Jill Hedgecock

I have been writing fiction for more than eleven years and have developed my writing skills and discipline through writing classes, conferences and workshops.  I belong to the Society of Children’s Book Writers and Illustrators (SCBWI) and am an active member of Mount Diablo California Writer’s Club (CWC) where I was a guest speaker on writing essays in December 2005.  I have judged the essays for the CWC young adult contest for the last two years.  I am a founding member of the Avid Reader’s Book Club, serving as chairman for over six years.

Dogs, dogs, dogs.  I love writing about them and all animals.  An essay, “Time for Mandy”, about choosing to provide chemotherapy on my beloved Australian Shepherd took first place in the Inland Empire California Writer’s Club writing contest in 2005.  A shortened version of this story appeared in the Real Life section of the Contra Costa Times on September 8, 2007.   “The Bird Dog” was published in the spring 2005 issue of Bark magazine and in Urban Animal, an Australian press.  “Like Candles on a Christmas Tree” appeared in Companion Parrot Quarterly.   I also took first place in the Inland Empire branch of the California Writer’s Club short story contest in 2007 for a Hawaiian fiction piece, “If it Weren’t for the Horse.”  My short story, Key to Life, took second place in the 2006 Inland Empire Branch of California Writer’s Club (CWC) contest.   My writing was also awarded first place in the adult nonfiction category of the 2004 Kay Snow Contest with my piece “Round.”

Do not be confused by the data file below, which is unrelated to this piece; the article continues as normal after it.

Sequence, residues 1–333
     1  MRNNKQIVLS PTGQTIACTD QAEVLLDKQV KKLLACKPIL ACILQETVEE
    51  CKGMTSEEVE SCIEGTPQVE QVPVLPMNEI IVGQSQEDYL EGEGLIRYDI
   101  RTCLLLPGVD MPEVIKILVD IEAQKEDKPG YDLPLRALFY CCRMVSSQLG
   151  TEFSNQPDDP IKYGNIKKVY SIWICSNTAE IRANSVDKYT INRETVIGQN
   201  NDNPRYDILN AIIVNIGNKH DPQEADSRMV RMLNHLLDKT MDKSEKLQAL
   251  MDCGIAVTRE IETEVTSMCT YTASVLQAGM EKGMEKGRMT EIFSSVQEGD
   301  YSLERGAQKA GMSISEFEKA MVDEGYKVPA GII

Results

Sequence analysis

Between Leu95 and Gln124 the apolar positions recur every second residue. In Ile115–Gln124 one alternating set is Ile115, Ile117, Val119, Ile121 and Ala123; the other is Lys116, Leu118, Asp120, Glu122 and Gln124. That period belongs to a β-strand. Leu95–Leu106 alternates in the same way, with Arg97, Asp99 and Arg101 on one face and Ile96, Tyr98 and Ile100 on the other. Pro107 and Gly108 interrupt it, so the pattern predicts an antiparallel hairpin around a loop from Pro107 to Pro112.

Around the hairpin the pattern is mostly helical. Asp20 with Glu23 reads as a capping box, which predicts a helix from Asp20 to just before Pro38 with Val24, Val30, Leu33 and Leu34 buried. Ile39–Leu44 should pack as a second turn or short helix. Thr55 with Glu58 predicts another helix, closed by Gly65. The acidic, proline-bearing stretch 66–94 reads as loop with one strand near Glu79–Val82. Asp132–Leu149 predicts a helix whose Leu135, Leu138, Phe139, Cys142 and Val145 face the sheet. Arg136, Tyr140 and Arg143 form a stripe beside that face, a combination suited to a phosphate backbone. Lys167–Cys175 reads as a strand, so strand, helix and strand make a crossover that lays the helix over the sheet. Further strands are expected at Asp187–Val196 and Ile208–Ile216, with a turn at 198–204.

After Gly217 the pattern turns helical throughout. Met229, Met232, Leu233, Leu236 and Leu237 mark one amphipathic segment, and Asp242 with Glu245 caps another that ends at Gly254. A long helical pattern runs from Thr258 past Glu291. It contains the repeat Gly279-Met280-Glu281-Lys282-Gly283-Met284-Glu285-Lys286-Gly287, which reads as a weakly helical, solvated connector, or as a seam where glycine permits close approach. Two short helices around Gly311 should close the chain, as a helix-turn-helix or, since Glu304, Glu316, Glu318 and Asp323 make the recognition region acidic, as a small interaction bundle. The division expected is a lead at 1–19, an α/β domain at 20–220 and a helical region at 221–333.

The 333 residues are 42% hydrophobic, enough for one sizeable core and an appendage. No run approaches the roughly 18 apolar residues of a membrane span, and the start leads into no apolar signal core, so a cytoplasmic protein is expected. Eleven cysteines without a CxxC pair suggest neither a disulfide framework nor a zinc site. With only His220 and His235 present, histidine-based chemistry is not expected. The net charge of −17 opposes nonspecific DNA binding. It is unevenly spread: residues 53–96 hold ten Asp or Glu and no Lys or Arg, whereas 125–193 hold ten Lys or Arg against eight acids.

Who would have thought a tiny insect would catapult me into writing a historical fiction novel?  What began with an interest in the devastating impacts of the mosquito on Hawaiian birds soon transformed into a passionate interest in ancient Polynesian culture.  Work-related travel to Hawaii afforded me opportunities to glimpse the artifacts of a dwindling culture in the Bishop Museum in Honolulu, visit ancient heiau temples, and spend hours in public libraries.  What I discovered was not only the typical story of the white man’s corruption of an ancient Hawaiian society, but a much more complex series of events culminating in the decline of a rich and fascinating culture whose story I wanted to tell.   And, thus, I embarked on the journey of writing Seven Little Eyes, my first novel.  My second book is a young adult novel, Between Shadow’s Eyes, about a teen girl trying to make it on her own after her father dies whose life becomes complicated after she adopts a dog that can see ghosts.  I loved these characters so much that I am now writing a sequel entitled From Shadow’s Perspective.

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